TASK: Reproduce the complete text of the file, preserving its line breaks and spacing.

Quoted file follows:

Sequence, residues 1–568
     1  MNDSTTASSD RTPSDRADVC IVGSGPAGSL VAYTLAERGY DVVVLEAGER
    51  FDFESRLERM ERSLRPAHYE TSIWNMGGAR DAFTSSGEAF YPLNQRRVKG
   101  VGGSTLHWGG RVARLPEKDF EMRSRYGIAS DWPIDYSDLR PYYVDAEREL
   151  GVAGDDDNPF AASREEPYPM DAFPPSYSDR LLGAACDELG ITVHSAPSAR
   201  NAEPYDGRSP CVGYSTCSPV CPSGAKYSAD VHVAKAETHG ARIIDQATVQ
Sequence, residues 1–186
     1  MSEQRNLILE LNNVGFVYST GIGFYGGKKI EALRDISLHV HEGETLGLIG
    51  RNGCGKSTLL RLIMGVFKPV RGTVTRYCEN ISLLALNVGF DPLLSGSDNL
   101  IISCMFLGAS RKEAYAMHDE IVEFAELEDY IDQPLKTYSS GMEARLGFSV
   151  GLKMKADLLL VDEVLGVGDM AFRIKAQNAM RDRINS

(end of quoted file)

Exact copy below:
Sequence, residues 1–568
     1  MNDSTTASSD RTPSDRADVC IVGSGPAGSL VAYTLAERGY DVVVLEAGER
    51  FDFESRLERM ERSLRPAHYE TSIWNMGGAR DAFTSSGEAF YPLNQRRVKG
   101  VGGSTLHWGG RVARLPEKDF EMRSRYGIAS DWPIDYSDLR PYYVDAEREL
   151  GVAGDDDNPF AASREEPYPM DAFPPSYSDR LLGAACDELG ITVHSAPSAR
   201  NAEPYDGRSP CVGYSTCSPV CPSGAKYSAD VHVAKAETHG ARIIDQATVQ
Sequence, residues 1–186
     1  MSEQRNLILE LNNVGFVYST GIGFYGGKKI EALRDISLHV HEGETLGLIG
    51  RNGCGKSTLL RLIMGVFKPV RGTVTRYCEN ISLLALNVGF DPLLSGSDNL
   101  IISCMFLGAS RKEAYAMHDE IVEFAELEDY IDQPLKTYSS GMEARLGFSV
   151  GLKMKADLLL VDEVLGVGDM AFRIKAQNAM RDRINS